It says "Instead, humbly think of others as being better than yourselves."

This simple passage is actually complex from my perspective. Who are the "others" it refers to? Other Christians, or all people? What about people who behave as enemies to sound morals or the Christian faith specifically? Pardon my needless over-dramatic point, but would I treat Nazi SS leadership as "better than myself?"

Ultimately, regardless of who the "others" are and their moral standard, I feel as if this passage contradicts many other passages that teach "love others as yourself." Those passages don't say "love others more than yourself" and for good reason...you can only love other people as much as you love yourself.

If Phil 2:3 had simply said "treat others as valuable/worthy as yourself," then I would have no questions at all...it would be a powerful statement (particularly if the "others" it refers to are "all people"). I would then simply take it to mean that I should be humble. But again, the passage does not speak of equality with others...it speaks of superiority of others.

I'm curious if someone can pick this apart for me. Perhaps the Greek contains subtleties not reflected in English?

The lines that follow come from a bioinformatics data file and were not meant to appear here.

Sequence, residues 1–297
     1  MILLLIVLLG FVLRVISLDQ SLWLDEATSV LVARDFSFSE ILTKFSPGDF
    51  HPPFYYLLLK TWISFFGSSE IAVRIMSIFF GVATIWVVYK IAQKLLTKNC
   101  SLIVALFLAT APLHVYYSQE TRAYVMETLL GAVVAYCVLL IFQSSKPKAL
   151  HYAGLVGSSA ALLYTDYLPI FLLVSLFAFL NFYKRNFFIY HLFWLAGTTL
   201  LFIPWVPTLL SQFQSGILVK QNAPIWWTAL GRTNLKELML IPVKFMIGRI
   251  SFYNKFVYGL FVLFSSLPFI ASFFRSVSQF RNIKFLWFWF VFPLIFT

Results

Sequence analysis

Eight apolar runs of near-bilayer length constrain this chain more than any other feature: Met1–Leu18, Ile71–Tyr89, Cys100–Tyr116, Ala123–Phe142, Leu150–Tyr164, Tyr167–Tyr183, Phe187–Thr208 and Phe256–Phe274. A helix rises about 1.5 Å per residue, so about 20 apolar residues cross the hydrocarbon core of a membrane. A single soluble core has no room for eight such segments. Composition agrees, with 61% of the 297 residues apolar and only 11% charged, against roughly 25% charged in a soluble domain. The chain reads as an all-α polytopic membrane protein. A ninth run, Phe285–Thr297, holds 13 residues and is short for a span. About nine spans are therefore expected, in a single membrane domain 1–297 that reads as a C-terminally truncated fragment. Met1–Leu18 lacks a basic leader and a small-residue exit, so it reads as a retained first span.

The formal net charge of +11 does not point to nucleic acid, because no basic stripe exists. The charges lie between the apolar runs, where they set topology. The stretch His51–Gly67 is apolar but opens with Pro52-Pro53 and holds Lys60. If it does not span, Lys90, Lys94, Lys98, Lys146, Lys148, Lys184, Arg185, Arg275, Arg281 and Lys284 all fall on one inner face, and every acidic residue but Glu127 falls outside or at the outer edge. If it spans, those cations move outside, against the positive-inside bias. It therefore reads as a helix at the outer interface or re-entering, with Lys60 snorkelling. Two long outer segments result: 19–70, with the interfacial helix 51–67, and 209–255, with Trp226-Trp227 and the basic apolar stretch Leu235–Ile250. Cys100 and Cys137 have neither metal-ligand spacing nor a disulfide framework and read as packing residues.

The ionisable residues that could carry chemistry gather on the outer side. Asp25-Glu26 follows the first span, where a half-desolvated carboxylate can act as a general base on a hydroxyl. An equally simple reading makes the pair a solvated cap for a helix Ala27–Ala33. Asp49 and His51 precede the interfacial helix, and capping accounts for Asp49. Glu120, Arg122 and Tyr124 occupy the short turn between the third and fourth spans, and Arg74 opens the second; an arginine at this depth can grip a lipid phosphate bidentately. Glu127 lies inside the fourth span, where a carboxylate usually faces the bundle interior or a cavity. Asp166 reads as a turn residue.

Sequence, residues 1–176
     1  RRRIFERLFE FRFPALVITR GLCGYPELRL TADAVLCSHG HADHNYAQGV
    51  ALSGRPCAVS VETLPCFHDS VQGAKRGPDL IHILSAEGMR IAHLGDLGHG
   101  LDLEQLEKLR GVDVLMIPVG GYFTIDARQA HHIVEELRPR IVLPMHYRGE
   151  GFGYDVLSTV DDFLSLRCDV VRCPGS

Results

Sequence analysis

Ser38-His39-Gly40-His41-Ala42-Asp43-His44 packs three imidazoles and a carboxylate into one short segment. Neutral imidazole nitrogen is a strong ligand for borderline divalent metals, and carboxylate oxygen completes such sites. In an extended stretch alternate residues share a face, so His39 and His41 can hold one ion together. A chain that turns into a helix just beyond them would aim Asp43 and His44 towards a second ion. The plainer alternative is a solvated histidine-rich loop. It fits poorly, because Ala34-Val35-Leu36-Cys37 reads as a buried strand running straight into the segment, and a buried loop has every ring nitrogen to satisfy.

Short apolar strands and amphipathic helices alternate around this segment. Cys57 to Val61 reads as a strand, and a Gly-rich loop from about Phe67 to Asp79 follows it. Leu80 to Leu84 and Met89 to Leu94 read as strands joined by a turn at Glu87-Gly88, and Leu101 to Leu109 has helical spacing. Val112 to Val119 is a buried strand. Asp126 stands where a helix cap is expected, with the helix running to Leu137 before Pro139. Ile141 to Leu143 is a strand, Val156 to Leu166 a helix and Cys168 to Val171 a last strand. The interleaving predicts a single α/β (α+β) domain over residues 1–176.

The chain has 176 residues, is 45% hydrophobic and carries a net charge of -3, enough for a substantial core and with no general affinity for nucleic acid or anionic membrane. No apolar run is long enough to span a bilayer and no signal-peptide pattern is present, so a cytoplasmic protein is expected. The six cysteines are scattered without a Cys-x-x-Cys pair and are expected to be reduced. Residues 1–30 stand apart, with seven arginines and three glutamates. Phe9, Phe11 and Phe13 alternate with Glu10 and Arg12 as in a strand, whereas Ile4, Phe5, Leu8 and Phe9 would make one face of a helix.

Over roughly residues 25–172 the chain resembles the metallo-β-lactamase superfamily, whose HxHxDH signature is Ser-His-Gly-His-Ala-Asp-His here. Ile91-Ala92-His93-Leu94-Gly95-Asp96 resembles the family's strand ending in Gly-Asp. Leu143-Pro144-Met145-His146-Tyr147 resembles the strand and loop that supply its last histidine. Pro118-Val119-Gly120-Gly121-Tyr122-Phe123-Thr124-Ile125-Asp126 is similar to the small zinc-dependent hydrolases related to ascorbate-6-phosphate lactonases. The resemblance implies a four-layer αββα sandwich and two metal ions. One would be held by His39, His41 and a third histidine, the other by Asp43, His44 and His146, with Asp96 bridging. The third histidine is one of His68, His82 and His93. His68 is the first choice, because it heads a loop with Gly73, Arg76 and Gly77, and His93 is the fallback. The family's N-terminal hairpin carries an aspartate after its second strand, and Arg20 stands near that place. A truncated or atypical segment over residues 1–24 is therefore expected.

• The context is clearly within the church. 'Be of one mind, of one accord, let nothing be done through strife' is undoubtedly speaking of fellow Christians, brothers and sisters. There is no question of esteeming Nazis better than oneself. – Nigel J Oct 31 '19 at 19:17
  • @NigelJ the answer I accepted, based on verse 3:5, I think did a good job of showing it does apply to all people - even Nazis. Jesus came to save everyone, even Nazis. – Brent Arias Nov 4 '19 at 5:29

The actual Greek word in the verse is not "better" but rather "ESTEEM." Which means to put others first. In other words the Apostle Paul is making the point to consider, deem, regard, and respect others as superior to yourself. Strong's #2233.

If you continue to read the context after vs3 you will discover that Paul uses Jesus Christ as the perfect example of putting other first when he says at vs5, "Have this attitude in yourselves which was also in Christ Jesus."

Vs6, although He always existed as God He humbled Himself and took the form of a bond-servant/man and died on the cross for all of mankind. The issue is that the Philippian believers were being selfish, conceited putting their own interest first and only thinking of themselves, (vs3,4).

Since this is the case the Apostle Paul at Philippians 2:12-13 says to "work out the solution/deliverance of your problems because it is God who is at work in your, both to will and to work for His good pleasure." It "DOES NOT MEAN WORK OUT YOUR SALVATION" in order to be saved because they are already believers.

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  • vs5, "Have this attitude in yourselves which was also in Christ Jesus." I think that statement is the best answer I could hope for. – Brent Arias Nov 4 '19 at 5:28

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